I’ve had an idea running around in my mind for a few months, and I’m going to try and get it down on paper. It’s slippery, and rather than try to sound profound, I think it would be best to say this is a bit of advice for those in the mood to listen (which some of you won’t be in the mood for, I’m pretty sure.) Perhaps I’ll manage to put something into words for those of you who, like me, often get these vague feelings that you can’t quite grab and get into a sentence, like…”What do you call it when someone says you’re a theological sissy because you won’t (fill in the blank with daring, bold, untoppable words!)
I’m going to talk about theology and how people choose to express it. One point I want to make immediately is that I believe the contemporary evangelical scene is impoverished in expressing anything theological, so I don’t want to be heard as criticizing those who actually DO think God-centered thoughts. My hats off to you for rising above the level of the childish nonsense that passes for theology these days.
Among those who are doing theology, however, I detect something that I can only call, with any honesty, a kind of game. I’ll call it the “More, Higher, Most, Highest” game. (MHMH) By using the term “game,” I am not raising the issue of insincerity, because I genuinely believe it is a manifestation of true zeal and devotion. But I use the word “game” because there is an element of comparison and competition that I can no longer ignore.
The “More, Higher, Most, Highest” game is the tendency to escalate theological claims and language, and to claim that the escalation of claims and language indicates an accompanying increase in truth, faith, commitment or other valuable commodities among Christians. (I would say the tendency to escalate theological rhetoric, but that word seems to upset some people beyond any possibility of clarification. But it’s what I mean exactly.)
The basic form of this game could be seen, for example, among those who believe in the continuance of spiritual gifts such as healing. Let’s say someone affirms the continuance of some kind of healing gifts, manifested as God sovereignly chooses. It will not be enough to say that one believes God can heal. This will be greeted by someone claiming God ALWAYS heals. This will be followed by the claim that if God DOESN’T heal, it’s our fault. And then we hear that God WILL heal if you use this prayer or attend this church. Then God heals big things, and does so immediately, IF we really believe. Of course, someone has heard that God is raising the dead somewhere, and someone else will settle for nothing else but perfect health for all true Christians, because by his stripes we are healed……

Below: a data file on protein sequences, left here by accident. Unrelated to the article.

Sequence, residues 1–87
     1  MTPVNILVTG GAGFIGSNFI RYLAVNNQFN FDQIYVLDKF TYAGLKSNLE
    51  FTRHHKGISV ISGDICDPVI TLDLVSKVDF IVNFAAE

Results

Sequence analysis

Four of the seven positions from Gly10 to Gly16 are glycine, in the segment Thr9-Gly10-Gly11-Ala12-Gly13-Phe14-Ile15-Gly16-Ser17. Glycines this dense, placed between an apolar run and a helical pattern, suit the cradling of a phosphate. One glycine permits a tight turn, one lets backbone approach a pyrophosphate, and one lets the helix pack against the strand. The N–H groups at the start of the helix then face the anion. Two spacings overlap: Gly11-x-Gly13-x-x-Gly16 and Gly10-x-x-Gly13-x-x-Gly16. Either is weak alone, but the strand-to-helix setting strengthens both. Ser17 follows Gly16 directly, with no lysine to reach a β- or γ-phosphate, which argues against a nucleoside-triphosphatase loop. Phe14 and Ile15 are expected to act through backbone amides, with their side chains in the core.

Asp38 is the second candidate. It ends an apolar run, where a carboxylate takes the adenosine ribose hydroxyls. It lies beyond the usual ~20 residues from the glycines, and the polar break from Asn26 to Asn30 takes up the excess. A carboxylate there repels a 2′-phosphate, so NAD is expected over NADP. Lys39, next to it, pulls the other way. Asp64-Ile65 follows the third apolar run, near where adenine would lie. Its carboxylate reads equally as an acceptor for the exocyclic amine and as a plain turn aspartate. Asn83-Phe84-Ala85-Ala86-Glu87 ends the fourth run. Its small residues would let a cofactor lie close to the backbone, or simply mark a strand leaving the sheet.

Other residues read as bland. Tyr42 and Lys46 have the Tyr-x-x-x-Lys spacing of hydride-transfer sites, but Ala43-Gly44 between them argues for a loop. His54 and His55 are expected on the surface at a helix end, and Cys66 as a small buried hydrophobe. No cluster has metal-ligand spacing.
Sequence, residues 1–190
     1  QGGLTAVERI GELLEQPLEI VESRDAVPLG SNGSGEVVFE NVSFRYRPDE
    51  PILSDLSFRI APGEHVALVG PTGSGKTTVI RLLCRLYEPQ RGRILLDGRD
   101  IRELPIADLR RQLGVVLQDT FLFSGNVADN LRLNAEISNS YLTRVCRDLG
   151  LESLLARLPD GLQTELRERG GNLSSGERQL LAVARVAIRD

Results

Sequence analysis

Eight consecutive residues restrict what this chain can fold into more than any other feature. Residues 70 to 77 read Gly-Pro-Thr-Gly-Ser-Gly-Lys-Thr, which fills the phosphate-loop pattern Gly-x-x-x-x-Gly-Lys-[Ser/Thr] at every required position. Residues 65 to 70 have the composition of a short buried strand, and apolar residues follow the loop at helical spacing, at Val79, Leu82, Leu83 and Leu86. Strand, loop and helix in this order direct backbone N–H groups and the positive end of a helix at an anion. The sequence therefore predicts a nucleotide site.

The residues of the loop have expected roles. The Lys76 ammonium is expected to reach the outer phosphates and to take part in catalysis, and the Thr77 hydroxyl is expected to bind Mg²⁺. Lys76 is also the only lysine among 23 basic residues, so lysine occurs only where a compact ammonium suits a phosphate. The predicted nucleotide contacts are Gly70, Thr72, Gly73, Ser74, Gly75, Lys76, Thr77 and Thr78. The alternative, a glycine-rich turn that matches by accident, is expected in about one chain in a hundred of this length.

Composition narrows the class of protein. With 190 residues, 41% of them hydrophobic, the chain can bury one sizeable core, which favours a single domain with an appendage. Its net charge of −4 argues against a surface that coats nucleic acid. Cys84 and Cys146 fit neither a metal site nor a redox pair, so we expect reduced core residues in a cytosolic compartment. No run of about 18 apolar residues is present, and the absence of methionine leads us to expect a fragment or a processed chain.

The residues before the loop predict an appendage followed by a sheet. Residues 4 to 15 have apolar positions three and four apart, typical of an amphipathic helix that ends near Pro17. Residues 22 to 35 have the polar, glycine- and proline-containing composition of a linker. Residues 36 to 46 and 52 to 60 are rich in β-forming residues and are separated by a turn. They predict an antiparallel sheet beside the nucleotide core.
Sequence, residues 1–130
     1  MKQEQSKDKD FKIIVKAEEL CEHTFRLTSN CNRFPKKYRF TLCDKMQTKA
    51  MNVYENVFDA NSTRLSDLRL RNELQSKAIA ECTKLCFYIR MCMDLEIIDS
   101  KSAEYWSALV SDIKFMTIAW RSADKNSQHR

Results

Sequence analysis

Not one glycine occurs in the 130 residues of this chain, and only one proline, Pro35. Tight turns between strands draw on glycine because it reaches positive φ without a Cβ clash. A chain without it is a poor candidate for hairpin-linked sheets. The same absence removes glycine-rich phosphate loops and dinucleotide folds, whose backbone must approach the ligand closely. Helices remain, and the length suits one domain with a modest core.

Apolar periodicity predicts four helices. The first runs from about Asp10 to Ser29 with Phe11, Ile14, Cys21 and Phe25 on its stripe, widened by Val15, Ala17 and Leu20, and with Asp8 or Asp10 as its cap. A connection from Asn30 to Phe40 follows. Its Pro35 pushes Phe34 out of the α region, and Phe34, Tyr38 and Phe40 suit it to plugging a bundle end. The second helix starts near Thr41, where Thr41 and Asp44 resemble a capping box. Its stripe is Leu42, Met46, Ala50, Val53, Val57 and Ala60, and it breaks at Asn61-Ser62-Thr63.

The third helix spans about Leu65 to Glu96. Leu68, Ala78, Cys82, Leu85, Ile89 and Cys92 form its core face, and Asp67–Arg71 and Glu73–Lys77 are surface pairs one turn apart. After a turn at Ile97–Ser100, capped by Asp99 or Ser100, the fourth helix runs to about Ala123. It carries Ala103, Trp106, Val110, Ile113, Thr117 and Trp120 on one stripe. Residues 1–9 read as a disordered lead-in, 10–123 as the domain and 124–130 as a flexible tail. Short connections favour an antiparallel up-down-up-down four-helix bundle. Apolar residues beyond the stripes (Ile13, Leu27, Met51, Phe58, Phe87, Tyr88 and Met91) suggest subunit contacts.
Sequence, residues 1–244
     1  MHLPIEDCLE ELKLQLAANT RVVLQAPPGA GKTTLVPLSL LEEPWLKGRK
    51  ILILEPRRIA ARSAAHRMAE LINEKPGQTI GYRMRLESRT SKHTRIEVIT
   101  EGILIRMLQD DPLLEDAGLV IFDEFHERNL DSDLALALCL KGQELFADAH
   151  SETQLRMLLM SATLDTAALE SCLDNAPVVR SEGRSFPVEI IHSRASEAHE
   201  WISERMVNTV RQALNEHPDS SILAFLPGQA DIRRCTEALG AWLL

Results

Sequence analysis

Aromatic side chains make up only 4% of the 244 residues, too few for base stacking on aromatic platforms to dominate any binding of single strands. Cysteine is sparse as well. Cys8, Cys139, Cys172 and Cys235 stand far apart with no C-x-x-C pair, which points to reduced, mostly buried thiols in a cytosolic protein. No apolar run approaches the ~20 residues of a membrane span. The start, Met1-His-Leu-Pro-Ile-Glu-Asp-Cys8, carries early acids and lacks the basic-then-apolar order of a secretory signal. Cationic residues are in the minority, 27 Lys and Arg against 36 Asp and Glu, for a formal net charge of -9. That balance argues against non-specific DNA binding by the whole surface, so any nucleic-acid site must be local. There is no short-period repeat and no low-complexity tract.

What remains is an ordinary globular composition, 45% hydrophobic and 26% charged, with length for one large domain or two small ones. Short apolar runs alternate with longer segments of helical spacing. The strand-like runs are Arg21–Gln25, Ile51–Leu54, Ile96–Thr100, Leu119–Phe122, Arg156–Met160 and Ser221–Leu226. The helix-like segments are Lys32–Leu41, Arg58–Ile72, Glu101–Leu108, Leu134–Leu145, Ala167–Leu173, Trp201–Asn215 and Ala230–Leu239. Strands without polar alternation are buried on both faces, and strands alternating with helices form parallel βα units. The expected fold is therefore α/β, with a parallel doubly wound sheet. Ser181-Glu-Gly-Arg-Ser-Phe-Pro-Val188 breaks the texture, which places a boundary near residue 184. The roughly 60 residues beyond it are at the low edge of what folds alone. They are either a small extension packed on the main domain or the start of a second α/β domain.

And on and on and on we go. Easy to see with the Pentecostal team, right? Well look in your rear view mirror.
Should we bring on the “How can I say the Bible is true?” team and see what rhetorical height we can climb with claims of the Bible’s perfection? I can cite you a well known reformed church whose web site says you are “saved by the Bible,” which is news to me.
Or just look closer to home. Respected blogger Tim Challies has just completed a short series on inerrancy. Tim will be here on Thursday answering questions about his new book, so just so you’ll know Tim and I are not on the same bus on many issues, take a look at what he says regarding those of us- and that’s me in that us– and a whole lot of other Christians as well- who do not use or endorse the term inerrancy. (Bold face is mine, so you can see what Challies is saying in regard to those, like me and many others, who do not use inerrancy as the way we understand Biblical authority and inspiration.)
First, if we deny inerrancy, we make God a liar. If there are errors in the original manuscripts, manuscripts that testify they were breathed out by God, one of two things must be true: either God purposely lied or he mistakenly lied. Either way this would indicate that God is capable of making or of producing errors. Needless to say, this would destroy our ability to trust any of Godâ€™s revelation and cause us to doubt God Himself.
Second, if we deny inerrancy we lose trust in God. If there are errors in Scripture, even if in the smallest detail, and these were placed there intentionally by God, how are we to maintain trust that He did not lie in other matters? When we lose trust in the Scriptures, we lose trust in God Himself and we may consequently lose our desire to be obedient to Him.
Third, if we deny the clear testimony of Scripture that it is inerrant, we make our minds a higher standard of truth than the Bible. At the outset of this series I indicated a concern I felt towards those who deny inerrancy is when they indicate that the doctrine does not â€œfeel right.â€ But nowhere does the Bible appeal to our feelings or our reason for its authority or inerrancy. We must submit to the Word, for it will not submit to us. We must give to the Bible the place it claims for itself. We cannot stand in judgment over it.
Fourth, if we deny inerrancy, and indicate that small details are incorrect, we cannot consistently argue that all the doctrine the Bible contains is correct. Admitting error in even the smallest historical detail is only the thin edge of the wedge, for we then allow the possibility that there may be error in doctrine as well. And when we allow this possibility, the Christian faith soon crumbles into a mess of subjectivity and personal preference.
So inerrancy is not an optional doctrineâ€”one we can take or leave. Rather, it is a doctrine at the very heart of the faith and without it we impoverish our faith and destroy our ability to trust and honor God.
Now I have great appreciation for Bro. Challies’ confidence that inerrancy is a no-option issue. I’ve been beat around with that word for almost three decades in Southern Baptist life, and I know the presentation pretty well. For the record:
I don’t believe God is a liar and I recoil from ever saying such a thing. I don’t have to believe in inerrancy to endorse the truthfulness of God. I don’t believe God lies in allowing Biblical language to be inspired human language. For what it’s worth, neither does N.T. Wright, just to name one scholar who wouldn’t use the term inerrancy.